Marion County is still seeking payments for housing inmates in change-of-venue cases and state prisoners

With the money due Marion County by the state of Missouri for housing state prisoners approaching $200,000, the County Commission has sent out a reminder to area lawmakers and the governor requesting payment sooner than later.

According to Presiding Commissioner Lyndon Bode, letters to Gov. Eric Greitens, state Sen. Brian Munzlinger and state Rep. Lindell Shumake were signed by Commission members during Monday’s meeting at the courthouse in Palmyra and put in the mail.

“The letter says we’re behind $179,000 this year so far,” said Bode. “We don’t know whether it’s just the end of their fiscal year and they have plans to catch everybody up in July.”

While Bode said the state’s tardiness in reimbursing is not causing Marion County a “serious cash-flow problem,” it is concerning.

During a recent meeting of county and judicial officials regarding prisoner reimbursements, County Clerk Valerie Dornberger reported that as of June 20 the county had received just one state reimbursement check ($44,000) so far this year.

“That’s not good,” she said.

Lagging reimbursements are not exclusive to Marion County. The problem is widespread enough that the Missouri Association of Counties (MAC) has taken note.

“It’s working with the Department of Corrections to alert them about the untimeliness of counties receiving their prisoner reimbursements,” said Bode, adding that MAC has sent out a survey to counties in an attempt to determine just how much is owed statewide and how long the reimbursements have been outstanding.

The state is not the only entity which owes Marion County reimbursement fees. There are Missouri counties which haven’t paid up after housing prisoners at the county jail in Palmyra during change-of-venue cases.

At the Jan. 17 Marion County Commission meeting Sheriff Jimmy Shinn reported that nine jurisdictions owed the county approximately $93,000 as a result of housing their prisoners. After sending out the initial wave of reminders Shinn reported mixed results.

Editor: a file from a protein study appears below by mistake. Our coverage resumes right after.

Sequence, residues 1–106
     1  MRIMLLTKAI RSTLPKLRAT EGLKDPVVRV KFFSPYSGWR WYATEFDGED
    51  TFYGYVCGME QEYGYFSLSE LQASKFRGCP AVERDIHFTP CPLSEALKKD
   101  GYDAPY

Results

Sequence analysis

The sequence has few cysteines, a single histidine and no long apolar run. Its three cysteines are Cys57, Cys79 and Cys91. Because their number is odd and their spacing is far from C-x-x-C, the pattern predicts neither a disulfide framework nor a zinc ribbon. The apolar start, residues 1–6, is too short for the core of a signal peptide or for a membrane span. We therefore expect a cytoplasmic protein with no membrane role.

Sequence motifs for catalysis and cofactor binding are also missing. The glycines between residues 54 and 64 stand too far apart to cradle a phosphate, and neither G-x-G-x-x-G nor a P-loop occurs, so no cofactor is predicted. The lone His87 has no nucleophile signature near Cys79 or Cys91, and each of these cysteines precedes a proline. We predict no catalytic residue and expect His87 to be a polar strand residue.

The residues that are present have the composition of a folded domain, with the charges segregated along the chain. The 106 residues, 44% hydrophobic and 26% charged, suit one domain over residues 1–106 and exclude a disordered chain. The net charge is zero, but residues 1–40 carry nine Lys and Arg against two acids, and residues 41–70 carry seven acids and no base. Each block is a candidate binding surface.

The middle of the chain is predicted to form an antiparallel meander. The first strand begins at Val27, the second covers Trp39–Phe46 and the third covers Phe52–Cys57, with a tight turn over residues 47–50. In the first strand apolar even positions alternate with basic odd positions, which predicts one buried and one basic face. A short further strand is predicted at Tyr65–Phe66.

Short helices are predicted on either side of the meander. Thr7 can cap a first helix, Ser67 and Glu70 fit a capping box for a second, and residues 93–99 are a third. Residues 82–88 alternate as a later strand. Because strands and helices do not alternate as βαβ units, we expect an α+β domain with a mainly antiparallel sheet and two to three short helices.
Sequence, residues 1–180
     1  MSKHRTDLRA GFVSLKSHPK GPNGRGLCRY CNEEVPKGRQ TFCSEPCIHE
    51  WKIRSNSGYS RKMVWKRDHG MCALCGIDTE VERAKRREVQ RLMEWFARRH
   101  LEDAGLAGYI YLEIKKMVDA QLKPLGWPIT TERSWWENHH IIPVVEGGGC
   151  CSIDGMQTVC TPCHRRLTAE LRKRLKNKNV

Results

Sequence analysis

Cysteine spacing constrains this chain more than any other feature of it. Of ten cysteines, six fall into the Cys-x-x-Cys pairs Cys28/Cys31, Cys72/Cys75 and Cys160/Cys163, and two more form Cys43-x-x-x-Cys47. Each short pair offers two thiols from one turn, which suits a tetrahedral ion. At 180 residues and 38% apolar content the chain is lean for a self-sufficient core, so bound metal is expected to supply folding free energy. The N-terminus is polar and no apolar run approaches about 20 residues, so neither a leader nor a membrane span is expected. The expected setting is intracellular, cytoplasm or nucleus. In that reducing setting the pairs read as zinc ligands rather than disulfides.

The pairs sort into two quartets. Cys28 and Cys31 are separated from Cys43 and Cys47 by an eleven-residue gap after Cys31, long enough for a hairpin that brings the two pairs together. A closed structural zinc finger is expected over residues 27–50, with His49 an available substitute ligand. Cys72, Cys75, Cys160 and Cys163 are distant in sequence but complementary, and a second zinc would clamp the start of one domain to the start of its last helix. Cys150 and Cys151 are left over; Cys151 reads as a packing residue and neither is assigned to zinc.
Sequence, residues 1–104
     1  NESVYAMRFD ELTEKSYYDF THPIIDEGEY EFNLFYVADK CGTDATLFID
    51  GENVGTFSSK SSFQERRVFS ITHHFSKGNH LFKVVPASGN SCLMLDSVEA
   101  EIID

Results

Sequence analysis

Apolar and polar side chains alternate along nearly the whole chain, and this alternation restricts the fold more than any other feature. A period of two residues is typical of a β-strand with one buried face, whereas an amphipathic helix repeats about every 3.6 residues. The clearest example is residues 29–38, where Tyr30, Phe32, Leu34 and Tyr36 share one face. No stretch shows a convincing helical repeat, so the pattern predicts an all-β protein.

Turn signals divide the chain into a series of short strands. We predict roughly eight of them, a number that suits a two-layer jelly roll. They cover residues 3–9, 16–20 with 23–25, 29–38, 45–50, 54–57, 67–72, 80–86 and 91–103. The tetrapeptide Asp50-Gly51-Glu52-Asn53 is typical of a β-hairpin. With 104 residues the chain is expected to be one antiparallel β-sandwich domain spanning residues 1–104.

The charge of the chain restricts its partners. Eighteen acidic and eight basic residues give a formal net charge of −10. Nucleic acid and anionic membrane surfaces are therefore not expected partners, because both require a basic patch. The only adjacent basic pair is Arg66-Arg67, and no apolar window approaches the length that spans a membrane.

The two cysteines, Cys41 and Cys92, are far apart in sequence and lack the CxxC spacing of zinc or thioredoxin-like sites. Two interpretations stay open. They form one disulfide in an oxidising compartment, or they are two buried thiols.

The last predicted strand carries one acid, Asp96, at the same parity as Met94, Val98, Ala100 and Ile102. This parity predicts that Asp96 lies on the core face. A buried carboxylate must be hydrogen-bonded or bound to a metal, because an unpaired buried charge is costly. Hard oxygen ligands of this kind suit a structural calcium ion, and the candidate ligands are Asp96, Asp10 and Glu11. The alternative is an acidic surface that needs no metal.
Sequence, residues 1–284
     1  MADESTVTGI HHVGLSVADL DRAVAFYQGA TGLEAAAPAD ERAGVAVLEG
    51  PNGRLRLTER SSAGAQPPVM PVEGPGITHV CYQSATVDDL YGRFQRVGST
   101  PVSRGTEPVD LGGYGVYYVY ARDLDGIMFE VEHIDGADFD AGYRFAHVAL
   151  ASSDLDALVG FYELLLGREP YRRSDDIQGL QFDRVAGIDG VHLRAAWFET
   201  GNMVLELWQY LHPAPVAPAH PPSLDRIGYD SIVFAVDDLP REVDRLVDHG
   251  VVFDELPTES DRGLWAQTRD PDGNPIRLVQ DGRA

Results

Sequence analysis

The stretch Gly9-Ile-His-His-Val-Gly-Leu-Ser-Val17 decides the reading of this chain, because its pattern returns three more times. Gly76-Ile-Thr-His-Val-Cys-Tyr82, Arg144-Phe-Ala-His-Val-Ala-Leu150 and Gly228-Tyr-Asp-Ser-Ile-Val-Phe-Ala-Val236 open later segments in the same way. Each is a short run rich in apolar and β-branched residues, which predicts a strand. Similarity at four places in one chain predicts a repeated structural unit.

“We’ve only received payments from a couple of jurisdictions,” said the sheriff during the June 20 gathering. “St. Charles (County) wouldn’t even respond. Boone County hasn’t responded to me yet. Those were two big ones (bills owed) because individuals were incarcerated in our jail for over a year.”

Shinn was asked by the Commission to send out another round of letters.

“I’ll send it to the court clerk to let them know that money is due to us,” he said.

Other options were also proposed.

“If there’s no response (to the next letter) I don’t know if we need to get involved as a county commission talking to their county commission,” said Bode.

David Clayton, the county’s prosecuting attorney, suggested checking to see “what litigation options we have” against counties that refuse to pay reimbursement fees.

Board bill shortfalls at the jail are nothing new. Since 2001 reimbursement revenue has exceeded budget just four times – 2002 ($425,134), 2003 ($68,112), 2006 ($17,653) and 2012 ($72,024). The record amount taken in during 2002 followed a record loss of $403,632 in 2001. Of note is the fact that the budgeted amount was slashed from $957,000 (2001) to $551,500 (2002).

During the past decade the county has been lowering its budgetary expectations regarding the board revenue that is anticipated from the jail. The budget figure has been reduced from $1,011,000 in 2007 to $675,000 in both 2015 and 2016.

“We’ve dropped the budgeted amount and we don’t even make that amount. That is the big problem,” said Dornberger.

Despite the reduced budget Marion County’s budget shortfall in 2016 ($166,254) ranks No. 2 since 2001.

The county’s board bill deficit not only reached six figures last year, but also in 2015 ($121,781) and 2014 ($131,030).

Bode offered a theory that as the county grows in population, so has the number of people who must be housed in the jail, which limits the number of its 104 slots that are open to “paying boarders.”

“We’re housing more county prisoners and we just have to cover those costs,” he said.

Reach reporter Danny Henley at